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What’s keeping back female physicists?

June 24, 2019

This is a series of articles highlighting some of the research projects at the University of Tokyo registered under its Future Society Initiative (FSI), a framework that brings together ongoing research projects that contribute to the United Nations Sustainable Development Goals (SDGs).

FSI Project 007

 

It’s often said that women are poor at mathematics or physics. Are you guilty of harboring the same stereotype? Existing research shows that there is practically no difference in the aptitude of men and women for mathematics or physics. Nevertheless, the hard truth is that very few women major in physics in university. Why? Professor Hiromi Yokoyama and her research group have spent the last year and a half trying to find out.

Research is being conducted all over the world to see if there are any cultural or social barriers in the way of women taking up the challenge of studying physics or mathematics and resulting in the very small numbers of women in these fields despite the fact that there is practically no difference in ability.

“In that case, there may be a need to study the current situation in Japan to see if there are any barriers and remove them to obtain gender equality in terms of educational chances and the realization of diversity in physics and engineering,” stressed Yokoyama. Taking an educational psychology model and a science and technology studies approach, the group has developed a new model focusing on culture and social norms. They are still testing their model.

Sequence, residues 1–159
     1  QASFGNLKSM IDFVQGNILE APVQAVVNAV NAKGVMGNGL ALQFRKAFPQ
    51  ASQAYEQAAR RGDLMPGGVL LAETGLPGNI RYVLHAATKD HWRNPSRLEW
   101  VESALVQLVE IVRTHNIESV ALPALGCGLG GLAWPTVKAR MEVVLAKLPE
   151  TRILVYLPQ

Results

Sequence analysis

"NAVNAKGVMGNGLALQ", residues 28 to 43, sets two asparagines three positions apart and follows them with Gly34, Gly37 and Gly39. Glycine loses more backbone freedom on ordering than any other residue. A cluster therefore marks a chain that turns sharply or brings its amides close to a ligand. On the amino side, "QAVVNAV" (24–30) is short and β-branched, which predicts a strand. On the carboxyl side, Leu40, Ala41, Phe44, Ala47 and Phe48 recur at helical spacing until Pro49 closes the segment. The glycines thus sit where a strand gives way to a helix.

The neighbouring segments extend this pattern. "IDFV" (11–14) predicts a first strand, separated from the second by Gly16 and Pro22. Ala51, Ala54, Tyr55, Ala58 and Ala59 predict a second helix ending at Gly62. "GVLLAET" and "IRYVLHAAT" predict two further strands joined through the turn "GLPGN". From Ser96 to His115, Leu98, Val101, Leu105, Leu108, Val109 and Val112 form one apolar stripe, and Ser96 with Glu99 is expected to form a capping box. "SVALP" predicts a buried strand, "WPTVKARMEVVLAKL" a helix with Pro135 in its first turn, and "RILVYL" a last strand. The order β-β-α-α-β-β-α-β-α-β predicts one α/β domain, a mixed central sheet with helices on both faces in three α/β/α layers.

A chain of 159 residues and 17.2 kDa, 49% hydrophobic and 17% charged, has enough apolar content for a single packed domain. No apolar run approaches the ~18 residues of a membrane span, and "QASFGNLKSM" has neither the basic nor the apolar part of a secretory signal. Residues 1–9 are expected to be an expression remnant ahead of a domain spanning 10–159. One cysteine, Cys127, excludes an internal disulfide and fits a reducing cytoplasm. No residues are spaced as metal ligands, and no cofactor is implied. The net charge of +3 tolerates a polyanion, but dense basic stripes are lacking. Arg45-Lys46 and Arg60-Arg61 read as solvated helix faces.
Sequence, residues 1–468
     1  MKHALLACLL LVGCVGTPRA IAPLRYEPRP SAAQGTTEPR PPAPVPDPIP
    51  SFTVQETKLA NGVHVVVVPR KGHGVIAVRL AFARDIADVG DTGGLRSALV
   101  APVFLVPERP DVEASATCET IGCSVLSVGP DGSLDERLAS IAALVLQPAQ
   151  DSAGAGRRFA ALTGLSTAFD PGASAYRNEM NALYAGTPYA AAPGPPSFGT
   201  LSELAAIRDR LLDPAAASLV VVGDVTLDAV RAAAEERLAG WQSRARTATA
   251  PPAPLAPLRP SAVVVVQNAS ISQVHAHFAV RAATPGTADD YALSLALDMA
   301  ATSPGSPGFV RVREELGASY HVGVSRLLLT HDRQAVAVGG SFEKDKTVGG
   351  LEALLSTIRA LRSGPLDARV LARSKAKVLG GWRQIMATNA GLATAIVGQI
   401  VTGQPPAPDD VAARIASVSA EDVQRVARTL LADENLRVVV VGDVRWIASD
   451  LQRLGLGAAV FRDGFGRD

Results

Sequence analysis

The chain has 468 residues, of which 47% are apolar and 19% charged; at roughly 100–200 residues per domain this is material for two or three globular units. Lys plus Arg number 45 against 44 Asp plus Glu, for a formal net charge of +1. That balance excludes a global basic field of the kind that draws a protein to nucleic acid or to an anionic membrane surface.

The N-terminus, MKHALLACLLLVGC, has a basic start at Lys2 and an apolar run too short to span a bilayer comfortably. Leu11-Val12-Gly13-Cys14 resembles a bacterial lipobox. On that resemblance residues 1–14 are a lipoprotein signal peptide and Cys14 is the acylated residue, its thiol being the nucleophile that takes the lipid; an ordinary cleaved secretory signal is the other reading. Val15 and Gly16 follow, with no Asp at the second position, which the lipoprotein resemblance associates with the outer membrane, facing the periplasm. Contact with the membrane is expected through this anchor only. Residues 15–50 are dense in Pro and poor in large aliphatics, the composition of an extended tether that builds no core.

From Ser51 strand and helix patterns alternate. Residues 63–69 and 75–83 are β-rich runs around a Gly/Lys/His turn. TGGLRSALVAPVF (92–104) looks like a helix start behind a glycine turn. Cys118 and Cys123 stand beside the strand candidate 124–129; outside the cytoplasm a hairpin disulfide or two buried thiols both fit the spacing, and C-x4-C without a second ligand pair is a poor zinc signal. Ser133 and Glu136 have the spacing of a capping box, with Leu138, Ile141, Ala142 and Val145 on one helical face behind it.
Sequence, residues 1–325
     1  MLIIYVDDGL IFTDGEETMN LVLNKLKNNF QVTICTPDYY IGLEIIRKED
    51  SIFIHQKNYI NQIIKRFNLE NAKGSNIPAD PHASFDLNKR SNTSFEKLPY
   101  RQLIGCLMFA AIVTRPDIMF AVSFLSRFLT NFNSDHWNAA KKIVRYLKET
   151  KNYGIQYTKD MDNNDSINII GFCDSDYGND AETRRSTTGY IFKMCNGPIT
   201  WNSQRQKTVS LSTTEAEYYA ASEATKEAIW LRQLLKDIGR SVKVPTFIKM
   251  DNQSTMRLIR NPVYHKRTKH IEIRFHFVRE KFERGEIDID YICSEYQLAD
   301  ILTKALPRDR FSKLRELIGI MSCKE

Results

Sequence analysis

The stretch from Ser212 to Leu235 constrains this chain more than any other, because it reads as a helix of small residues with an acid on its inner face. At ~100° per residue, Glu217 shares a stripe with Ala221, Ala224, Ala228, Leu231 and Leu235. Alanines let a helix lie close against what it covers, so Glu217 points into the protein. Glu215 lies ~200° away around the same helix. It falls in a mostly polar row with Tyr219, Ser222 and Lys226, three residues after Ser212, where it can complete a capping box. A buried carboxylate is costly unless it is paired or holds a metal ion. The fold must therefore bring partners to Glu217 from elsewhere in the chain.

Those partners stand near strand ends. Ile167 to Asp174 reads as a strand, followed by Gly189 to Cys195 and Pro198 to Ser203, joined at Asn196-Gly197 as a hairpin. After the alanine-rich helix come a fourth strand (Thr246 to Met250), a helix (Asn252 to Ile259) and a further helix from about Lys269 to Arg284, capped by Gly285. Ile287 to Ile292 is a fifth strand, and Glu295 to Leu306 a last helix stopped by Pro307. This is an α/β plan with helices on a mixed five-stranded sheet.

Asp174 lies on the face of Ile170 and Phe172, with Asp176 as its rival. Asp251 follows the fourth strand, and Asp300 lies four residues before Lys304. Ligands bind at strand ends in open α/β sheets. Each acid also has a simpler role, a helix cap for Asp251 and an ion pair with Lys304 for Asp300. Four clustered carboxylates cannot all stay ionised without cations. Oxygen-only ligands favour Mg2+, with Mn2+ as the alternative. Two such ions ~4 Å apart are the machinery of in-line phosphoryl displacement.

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Looking at the proportion of men and women undergraduate students majoring in physics, mathematics and information science, it’s not hard to see that the small percentage of women is a global trend. Among the 37 countries in the OECD, Japan ranks third in terms of having the smallest share of women graduates, with just three out of 10 women receiving a bachelor’s degree or equivalent in these fields.

The group’s surveys show that Japanese university faculties already have a reputation as “suitable for men” or “suitable for women.” For example, nursing, pharmaceuticals, music and art, dentistry, medicine and the humanities are seen as suitable for women, while mechanical engineering, physics, geography and mathematics are suitable for men. The project also examines individual awareness of gender equality. The lower a person’s score on this scale, the greater the tendency to have preconceptions of whether a faculty is gender specific.

The social stereotypical understanding that mathematics and physics are meant for men is also a problem. It is important for teachers at school and parents to be aware of the situation and to continue encouraging female students with regards to these fields.

Especially worth considering is social ethos. It is important for women who are good at mathematics and physics to be thought of and accepted as “cool,” said Yokoyama.

Why are female mathematics majors few and far between? Yokoyama said that her research should have something to show by 2020, and hopes to produce a policy proposal for adoption in the future.

SDGs supported by this project

 Quality educationGender equality  

Professor Hiromi Yokoyama | Kavli Institute for the Physics and Mathematics of the Universe

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